Skip to content Skip to footer
Call 0800 652 8025 Request a consultation
Steelworker

Lawyers welcome compensation scheme for victims of pension mis-selling scandal, but many steelworkers to be left behind

Lawyers working to help victims of the British Steel Pension Scheme (BSPS) scandal have welcomed news of a £71 million compensation scheme for those affected, but are asking whether the proposals go far enough.

The Financial Conduct Authority (FCA) published plans for a compensation scheme for former members of the BSPS who received bad advice to transfer out of their defined benefit schemes into higher risk schemes, but many of the 7,700 who transferred will be excluded from the scheme.

Our taskforce was set up in 2018 to help victims claim compensation following the bad advice and has so far acted for over 1000 steelworkers and recovered more than £20 million in compensation.

Philippa Hann, partner and specialist in financial services litigation at the firm, said: “It is good news that the FCA are taking this matter seriously and putting plans in place for an official compensation scheme, but taking in the scale and impact of the damage caused, I’m not sure these plans go far enough.

“For example, the redress scheme will only cover people who were advised to transfer out in a window between 26 May 2016 and 29 March 2018, but even many who transferred within that window will be excluded having become time-barred before the redress scheme comes into effect.

“Very broadly speaking, you have six years to make a claim or complaint about the transfer advice received. The FCA has, under current proposals, confirmed that the clock will only stop running for these purposes when the scheme rules are published, which is set to be ‘Autumn/Winter’ 2022. This means that anyone who transferred out before Autumn/Winter 2016 could well be time-barred and not only unable to participate in the redress scheme, but out of time to make a claim or complaint at all. If publication of the scheme rules is delayed, more people could be excluded.

“Ultimately, those people could be left entirely behind and unable to pursue compensation at all. This really isn’t good enough, more so because those who transferred out earlier have the largest losses (around £320,000 on average).

“In our view, anyone who transferred before 2017 should be seriously considering taking steps to make a complaint now to avoid the risk of being time-barred and not being able to pursue any compensation at all.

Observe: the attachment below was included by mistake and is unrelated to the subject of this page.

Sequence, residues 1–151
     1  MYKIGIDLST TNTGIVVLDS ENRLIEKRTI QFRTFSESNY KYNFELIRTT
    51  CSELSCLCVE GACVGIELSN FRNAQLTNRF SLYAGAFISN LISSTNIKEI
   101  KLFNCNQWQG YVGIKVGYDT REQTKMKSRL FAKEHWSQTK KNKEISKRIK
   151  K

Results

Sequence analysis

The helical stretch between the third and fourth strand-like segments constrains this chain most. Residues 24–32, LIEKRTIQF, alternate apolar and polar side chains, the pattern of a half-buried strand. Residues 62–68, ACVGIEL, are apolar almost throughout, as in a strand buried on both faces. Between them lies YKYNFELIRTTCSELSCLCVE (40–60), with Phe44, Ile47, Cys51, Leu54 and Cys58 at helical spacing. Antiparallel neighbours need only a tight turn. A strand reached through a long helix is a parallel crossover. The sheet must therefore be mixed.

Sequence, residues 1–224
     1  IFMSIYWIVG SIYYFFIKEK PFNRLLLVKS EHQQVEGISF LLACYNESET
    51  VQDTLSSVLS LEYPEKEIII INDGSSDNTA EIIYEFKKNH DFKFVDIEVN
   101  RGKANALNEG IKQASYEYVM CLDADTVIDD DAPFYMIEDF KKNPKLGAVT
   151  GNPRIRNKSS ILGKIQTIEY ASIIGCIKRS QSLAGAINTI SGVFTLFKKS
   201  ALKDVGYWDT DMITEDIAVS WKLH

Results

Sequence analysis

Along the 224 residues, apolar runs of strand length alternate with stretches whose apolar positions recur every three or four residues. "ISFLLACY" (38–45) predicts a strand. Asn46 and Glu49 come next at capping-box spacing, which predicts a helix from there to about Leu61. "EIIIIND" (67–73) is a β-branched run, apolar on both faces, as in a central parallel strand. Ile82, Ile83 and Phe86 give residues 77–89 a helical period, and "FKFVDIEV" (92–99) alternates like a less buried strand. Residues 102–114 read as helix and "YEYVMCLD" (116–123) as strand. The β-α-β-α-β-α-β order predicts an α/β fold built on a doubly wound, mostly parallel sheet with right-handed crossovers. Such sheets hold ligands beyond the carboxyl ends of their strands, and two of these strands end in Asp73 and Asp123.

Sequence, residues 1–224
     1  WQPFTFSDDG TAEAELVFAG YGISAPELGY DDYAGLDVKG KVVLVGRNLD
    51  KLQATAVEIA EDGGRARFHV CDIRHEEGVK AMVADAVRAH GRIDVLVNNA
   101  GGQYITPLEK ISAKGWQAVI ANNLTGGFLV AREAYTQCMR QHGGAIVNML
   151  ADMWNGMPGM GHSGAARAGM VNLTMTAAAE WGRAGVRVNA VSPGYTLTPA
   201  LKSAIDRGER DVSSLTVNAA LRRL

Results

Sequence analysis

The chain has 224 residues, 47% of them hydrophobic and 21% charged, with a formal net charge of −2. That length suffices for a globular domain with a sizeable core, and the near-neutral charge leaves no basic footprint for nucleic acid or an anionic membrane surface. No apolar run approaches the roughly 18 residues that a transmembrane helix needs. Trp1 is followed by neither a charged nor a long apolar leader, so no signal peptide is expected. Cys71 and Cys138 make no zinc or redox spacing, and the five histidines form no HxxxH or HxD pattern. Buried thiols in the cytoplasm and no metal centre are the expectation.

“Further, anyone treated as an ‘insistent client’ by their adviser will also be excluded from the redress scheme. We have acted for a number of people in this situation and all of our complaints where final decisions have been issued by the Financial Ombudsman Service have been successful. We don’t think those treated as insistent clients should be excluded.

“Whilst former BSPS members may be excluded from the redress scheme, they can still make complaints which can be referred to the Financial Ombudsman Service. We would encourage anyone treated as an insistent client to make a complaint.”

The redress scheme is expected to be in place by early 2023, with compensation starting to be paid late that year by the firms involved in handing out the advice and their professional indemnity insurers.

Contact our pension mis-selling specialists today

To get free initial advice without any obligation contact 0800 422 0221 or email pt@clarkewillmott.com

Posted:

Your key contact

More on this topic

Industry news

Court of Appeal allows secret commissions claim to proceed as a representative action

The Court of Appeal in Commission Recovery Ltd v Marks & Clerk LLP & Another [2024] EWCA Civ 9 has upheld a High Court’s decision permitting a secret commission claim to proceed as a representative action under CPR 19.8 in an important decision for the “opt out” collective action regime in England and Wales.
Read more on Court of Appeal allows secret commissions claim to proceed as a representative action
Financial services litigation

Service of a claim by email – time for a change in the rules?

In Chehaib v King’s College Hospital NHS Foundation Trust and Others [2024] EWHC 2 the claimant failed to have its claim survive against one of three defendants after attempting to serve that defendant by email without permission contrary to CPR Practice Direction 6A.
Read more on Service of a claim by email – time for a change in the rules?

Looking for legal advice?